What is socially conscious sheltering?

Socially conscious sheltering 101

Animal welfare is changing at an unbelievable pace. While change creates opportunity by allowing for thoughtful, collaborative and effective methods of ensuring all animals are respected, it also provides opportunities for groups to promote their agendas, which despite good intentions, often results in increased suffering of animals.

Our society is at a critical point in shaping the future of animal welfare. While the no-kill movement has created positive change in some communities that don’t have progressive animal welfare organizations, the policies often promoted by these groups are increasingly leading to unintended consequences that cause animals to suffer greatly. We all must be informed regarding the unacceptable impact on animals created by legislation being proposed by some no-kill groups. We must educate colleagues, friends, family members, neighbors and policy makers so animals receive the care and respect they deserve.

For decades, thoughtful leadership, animal advocates, veterinarians and shelter and rescue groups have worked tirelessly in Colorado to champion animal welfare. This work has led to statewide outcomes that were unimaginable only 30 years ago. It is through “socially conscious sheltering” that these accomplishments have occurred.

Socially conscious sheltering’s fundamental goal is to create the best outcomes for all animals. (See the related infographic for the ways this is achieved through socially conscious sheltering.) The noted best outcomes are reached by striving for the “Five Freedoms,” which were developed in the United Kingdom in 1965. These are:

  1. Freedom from hunger or thirst by ready access to fresh water and a diet to maintain full health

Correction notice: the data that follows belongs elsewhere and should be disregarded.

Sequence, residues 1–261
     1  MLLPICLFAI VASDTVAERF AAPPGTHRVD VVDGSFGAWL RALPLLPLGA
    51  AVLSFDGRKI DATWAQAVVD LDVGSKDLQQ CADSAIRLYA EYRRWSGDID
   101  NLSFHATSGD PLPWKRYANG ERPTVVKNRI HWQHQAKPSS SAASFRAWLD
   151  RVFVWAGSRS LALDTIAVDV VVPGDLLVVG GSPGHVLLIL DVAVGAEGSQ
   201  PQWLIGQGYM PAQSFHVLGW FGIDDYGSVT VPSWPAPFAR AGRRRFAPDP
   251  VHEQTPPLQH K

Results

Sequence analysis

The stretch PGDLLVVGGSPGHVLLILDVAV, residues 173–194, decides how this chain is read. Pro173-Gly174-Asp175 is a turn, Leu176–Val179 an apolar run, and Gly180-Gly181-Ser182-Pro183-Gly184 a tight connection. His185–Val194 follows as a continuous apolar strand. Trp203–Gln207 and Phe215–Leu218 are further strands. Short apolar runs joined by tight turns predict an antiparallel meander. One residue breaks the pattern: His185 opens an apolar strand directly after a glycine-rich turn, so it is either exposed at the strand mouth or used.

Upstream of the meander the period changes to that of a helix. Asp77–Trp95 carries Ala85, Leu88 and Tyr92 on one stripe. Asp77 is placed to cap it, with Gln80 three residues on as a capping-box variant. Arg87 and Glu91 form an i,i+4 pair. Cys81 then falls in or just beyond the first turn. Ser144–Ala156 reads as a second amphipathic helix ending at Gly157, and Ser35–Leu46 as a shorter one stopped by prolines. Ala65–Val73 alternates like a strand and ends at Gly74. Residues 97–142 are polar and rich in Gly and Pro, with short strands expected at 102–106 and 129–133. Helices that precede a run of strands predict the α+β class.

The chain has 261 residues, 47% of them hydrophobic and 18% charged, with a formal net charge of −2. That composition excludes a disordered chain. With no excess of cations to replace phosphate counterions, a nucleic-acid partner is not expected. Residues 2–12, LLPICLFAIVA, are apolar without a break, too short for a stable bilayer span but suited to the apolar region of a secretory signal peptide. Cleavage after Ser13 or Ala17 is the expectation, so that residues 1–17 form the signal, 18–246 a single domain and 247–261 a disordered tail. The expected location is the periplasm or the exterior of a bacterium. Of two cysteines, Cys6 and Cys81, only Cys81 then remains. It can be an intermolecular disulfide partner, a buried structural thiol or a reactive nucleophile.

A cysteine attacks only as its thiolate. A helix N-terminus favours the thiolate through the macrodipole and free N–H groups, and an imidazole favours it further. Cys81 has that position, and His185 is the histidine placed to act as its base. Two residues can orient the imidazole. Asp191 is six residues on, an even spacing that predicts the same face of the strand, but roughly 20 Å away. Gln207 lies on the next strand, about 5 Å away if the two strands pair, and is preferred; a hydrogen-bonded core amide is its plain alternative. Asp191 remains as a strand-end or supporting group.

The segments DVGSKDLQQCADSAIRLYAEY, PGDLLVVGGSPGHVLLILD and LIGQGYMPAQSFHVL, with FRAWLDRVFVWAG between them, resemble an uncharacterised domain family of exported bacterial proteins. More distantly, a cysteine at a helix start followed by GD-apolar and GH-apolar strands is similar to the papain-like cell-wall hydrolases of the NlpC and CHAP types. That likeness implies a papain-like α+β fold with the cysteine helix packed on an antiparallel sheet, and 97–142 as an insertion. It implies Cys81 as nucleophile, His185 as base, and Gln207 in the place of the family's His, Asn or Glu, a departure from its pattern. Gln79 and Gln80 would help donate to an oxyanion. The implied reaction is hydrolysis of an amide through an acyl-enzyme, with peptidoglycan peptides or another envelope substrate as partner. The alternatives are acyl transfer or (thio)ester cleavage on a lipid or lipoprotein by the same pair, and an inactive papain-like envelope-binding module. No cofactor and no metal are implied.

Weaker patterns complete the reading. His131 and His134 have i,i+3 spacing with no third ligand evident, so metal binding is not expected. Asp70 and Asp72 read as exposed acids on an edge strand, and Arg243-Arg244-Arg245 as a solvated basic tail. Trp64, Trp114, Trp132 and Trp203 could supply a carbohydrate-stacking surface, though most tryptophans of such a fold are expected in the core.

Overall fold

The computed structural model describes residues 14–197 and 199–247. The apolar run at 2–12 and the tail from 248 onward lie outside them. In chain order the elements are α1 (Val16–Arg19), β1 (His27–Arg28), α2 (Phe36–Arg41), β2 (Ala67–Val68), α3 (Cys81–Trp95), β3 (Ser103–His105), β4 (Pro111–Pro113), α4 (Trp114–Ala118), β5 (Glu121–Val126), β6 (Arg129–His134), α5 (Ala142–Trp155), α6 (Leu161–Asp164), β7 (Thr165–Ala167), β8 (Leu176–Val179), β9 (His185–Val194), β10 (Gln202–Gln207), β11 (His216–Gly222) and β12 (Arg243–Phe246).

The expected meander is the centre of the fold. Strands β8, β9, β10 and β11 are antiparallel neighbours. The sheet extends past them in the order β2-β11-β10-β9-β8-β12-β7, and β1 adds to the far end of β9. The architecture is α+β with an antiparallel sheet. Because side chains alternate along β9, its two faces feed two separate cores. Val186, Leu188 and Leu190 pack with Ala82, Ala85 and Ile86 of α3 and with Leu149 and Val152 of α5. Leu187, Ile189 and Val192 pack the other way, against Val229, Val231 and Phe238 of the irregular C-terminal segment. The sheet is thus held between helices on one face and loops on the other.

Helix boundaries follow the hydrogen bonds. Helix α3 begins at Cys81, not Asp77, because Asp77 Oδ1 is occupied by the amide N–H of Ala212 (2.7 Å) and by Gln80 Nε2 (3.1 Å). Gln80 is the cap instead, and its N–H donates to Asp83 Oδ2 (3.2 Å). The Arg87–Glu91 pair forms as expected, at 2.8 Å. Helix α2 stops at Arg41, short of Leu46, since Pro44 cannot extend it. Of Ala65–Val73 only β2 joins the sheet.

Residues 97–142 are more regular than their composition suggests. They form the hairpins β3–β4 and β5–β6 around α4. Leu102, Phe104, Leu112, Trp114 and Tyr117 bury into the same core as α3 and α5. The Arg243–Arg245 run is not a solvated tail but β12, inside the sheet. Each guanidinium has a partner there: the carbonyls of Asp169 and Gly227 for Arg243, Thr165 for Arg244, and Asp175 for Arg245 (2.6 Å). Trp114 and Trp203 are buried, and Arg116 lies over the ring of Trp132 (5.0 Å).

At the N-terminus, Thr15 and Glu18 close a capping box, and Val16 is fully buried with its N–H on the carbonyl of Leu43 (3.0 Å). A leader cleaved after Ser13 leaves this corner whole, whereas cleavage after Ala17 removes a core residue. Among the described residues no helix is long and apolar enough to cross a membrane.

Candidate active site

2. Freedom from discomfort by providing an appropriate environment including shelter and a comfortable resting area
  3. Freedom from pain, injury or disease by prevention or rapid diagnosis and treatment
  4. Freedom to express (most) normal behavior by providing sufficient space, proper facilities and company of the animal’s own kind
  5. Freedom from fear and distress by ensuring conditions and treatment which avoid mental suffering (this is very difficult to achieve in a sheltering environment, but each shelter should work toward this goal)

Contrary to these ideals, some no-kill organizations are causing animals to suffer by sheltering homeless animals with the intention of keeping them alive indefinitely irrespective to the pet’s level of suffering. To rally the public to promote their agenda, no-kill proponents often spread misleading and inaccurate information, which, unfortunately, is believed by many people.

The Dumb Friends League’s message is and shall remain that we will always be in support of the respectful treatment of animals, and we will always be an open admission shelter. The League does not make euthanasia decisions based on time and space. All decisions are about the pet’s quality of life and our community’s safety.

We must work together to create the best outcomes for all animals, promote safe communities and nurture the human-animal bond. We continue to work together with other Colorado shelters and the compassionate communities they serve with the belief that collaboration is much more successful than divisiveness.

Socially conscious sheltering FAQ